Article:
4 research outputs found

    Modeling Copper Binding to the Amyloid‑β Peptide at Different pH: Toward a Molecular Mechanism for Cu Reduction

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    Oxidative stress, including the production of reactive oxygen species (ROS), has been reported to be a key event in the etiology of Alzheimer’s disease (AD). Cu has been found in high concentrations in amyloid plaques, a hallmark of AD, where it is bound to the main constituent amyloid-β (Aβ) peptide. Whereas it has been proposed that Cu-Aβ complexes catalyze the production of ROS via redox-cycling between the Cu­(I) and Cu­(II) state, the redox chemistry of Cu-Aβ and the precise mechanism of redox reactions are still unclear. Because experiments indicate different coordination environments for Cu­(II) and Cu­(I), it is expected that the electron is not transferred between Cu-Aβ and reactants in a straightforward manner but involves structural rearrangement. In this work the structures indicated by experimental data are modeled at the level of modern density-functional theory approximations. Possible pathways for Cu­(II) reduction in different coordination sites are investigated by means of first-principles molecular dynamics simulations in the water solvent and at room temperature. The models of the ligand reorganization around Cu allow the proposal of a preferential mechanism for Cu-Aβ complex reduction at physiological pH. Models reveal that for efficient reduction the deprotonated amide N in the Ala 2-Glu 3 peptide bond has to be protonated and that interactions in the second coordination sphere make important contributions to the reductive pathway, in particular the interaction between COO<sup>–</sup> and NH<sub>2</sub> groups of Asp 1. The proposed mechanism is an important step forward to a clear understanding of the redox chemistry of Cu-Aβ, a difficult task for spectroscopic approaches as the Cu-peptide interactions are weak and dynamical in nature

    Tailoring Bimetallic Alloy Surface Properties by Kinetic Control of Self-Diffusion Processes at the Nanoscale

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    Achieving control of the nanoscale structure of binary alloys is of paramount importance for the design of novel materials with specific properties, leading to, for example, improved reaction rates and selectivity in catalysis, tailored magnetic behavior in electronics, and controlled growth of nanostructured materials such as graphene. By means of a combined experimental and theoretical approach, we show that the complex self-diffusion mechanisms determining these key properties can be mostly defined by kinetic rather than energetic effects. We explain how in the Ni–Cu system nanoscale control of self-diffusion and segregation processes close to the surface can be achieved by finely tuning the relative concentration of the alloy constituents. This allows tailoring the material functionality and provides a clear explanation of previously observed effects involved, for example, in the growth of graphene films and in the catalytic reduction of carbon dioxide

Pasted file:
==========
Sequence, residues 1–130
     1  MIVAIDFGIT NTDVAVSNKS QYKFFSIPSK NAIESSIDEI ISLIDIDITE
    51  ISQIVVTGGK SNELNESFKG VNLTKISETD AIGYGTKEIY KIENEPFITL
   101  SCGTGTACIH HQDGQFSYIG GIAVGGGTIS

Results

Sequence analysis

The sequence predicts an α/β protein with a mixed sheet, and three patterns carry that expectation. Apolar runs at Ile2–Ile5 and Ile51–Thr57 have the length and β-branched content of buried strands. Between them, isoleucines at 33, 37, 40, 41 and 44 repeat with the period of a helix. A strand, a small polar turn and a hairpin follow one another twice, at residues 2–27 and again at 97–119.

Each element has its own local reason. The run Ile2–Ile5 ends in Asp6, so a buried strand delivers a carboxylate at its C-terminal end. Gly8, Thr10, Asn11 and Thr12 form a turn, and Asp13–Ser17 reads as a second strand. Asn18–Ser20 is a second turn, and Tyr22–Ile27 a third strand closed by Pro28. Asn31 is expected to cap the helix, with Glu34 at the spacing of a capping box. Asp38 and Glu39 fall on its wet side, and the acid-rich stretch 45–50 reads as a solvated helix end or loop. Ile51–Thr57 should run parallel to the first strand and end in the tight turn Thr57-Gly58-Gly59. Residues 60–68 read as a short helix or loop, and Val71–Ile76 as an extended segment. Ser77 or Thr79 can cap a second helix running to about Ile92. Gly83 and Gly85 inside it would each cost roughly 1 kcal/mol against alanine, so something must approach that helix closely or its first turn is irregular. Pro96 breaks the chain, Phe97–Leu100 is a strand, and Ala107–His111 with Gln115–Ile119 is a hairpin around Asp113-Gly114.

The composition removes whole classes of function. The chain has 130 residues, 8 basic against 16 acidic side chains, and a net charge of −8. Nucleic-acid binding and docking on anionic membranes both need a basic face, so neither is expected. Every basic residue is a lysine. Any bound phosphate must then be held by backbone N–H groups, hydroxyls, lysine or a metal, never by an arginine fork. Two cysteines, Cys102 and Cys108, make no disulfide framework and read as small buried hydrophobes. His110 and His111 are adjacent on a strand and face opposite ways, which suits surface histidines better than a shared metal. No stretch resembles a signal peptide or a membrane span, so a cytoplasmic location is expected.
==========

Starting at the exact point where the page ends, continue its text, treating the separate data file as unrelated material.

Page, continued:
Steering the Chemistry of Carbon Oxides on a NiCu Catalyst

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    In the perspective of a sustainable energy economy, CO<sub>2</sub> reduction is attracting increasing attention as a key step toward the synthesis of fuels and valuable chemicals. A possible strategy to develop novel conversion catalysts consists in mimicking reaction centers available in nature, such as those in enzymes in which Fe, Ni, and Cu play a major role as active metals. In this respect, NiCu shows peculiar activity for both water-gas shift and methanol synthesis reactions. The identification of useful descriptors to engineer and tune the reactivity of a surface in the desired way is one of the main objectives of the science of catalysis, with evident applicative interest, as in this case. To this purpose, a crucial issue is the determination of the relevant active sites and rate-limiting steps. We show here that this approach can be exploited to design and tailor the catalytic activity and selectivity of a NiCu surface

    Chemistry of the Methylamine Termination at a Gold Surface: From Autorecognition to Condensation

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    13The self-assembly of the naphthylmethylamine molecules (NMA) on the Au(111) surface is investigated by a combined experimental and theoretical approach. Three well-defined phases are observed upon different thermal treatments at the monolayer stage. The role played by the methylamine termination is evidenced in both the molecule–molecule and molecule–substrate interactions. The autorecognition process of the amino groups is identified as the driving factor for the formation of a complex hydrogen bonding scheme in small molecular clusters, possibly acting also as a precursor of a denitrogenation condensation process induced by thermal annealing.reservedmixedDri, Carlo; Fronzoni, Giovanna; Balducci, Gabriele; Furlan, Sara; Stener, Mauro; Feng, Zhijing; Comelli, Giovanni; Castellarin-Cudia, Carla; Cvetko, Dean; Kladnik, Gregor; Verdini, Alberto; Floreano, Luca; Cossaro, AlbanoDri, Carlo; Fronzoni, Giovanna; Balducci, Gabriele; Furlan, Sara; Stener, Mauro; Feng, Zhijing; Comelli, Giovanni; Castellarin Cudia, Carla; Cvetko, Dean; Kladnik, Gregor; Verdini, Alberto; Floreano, Luca; Cossaro, Alban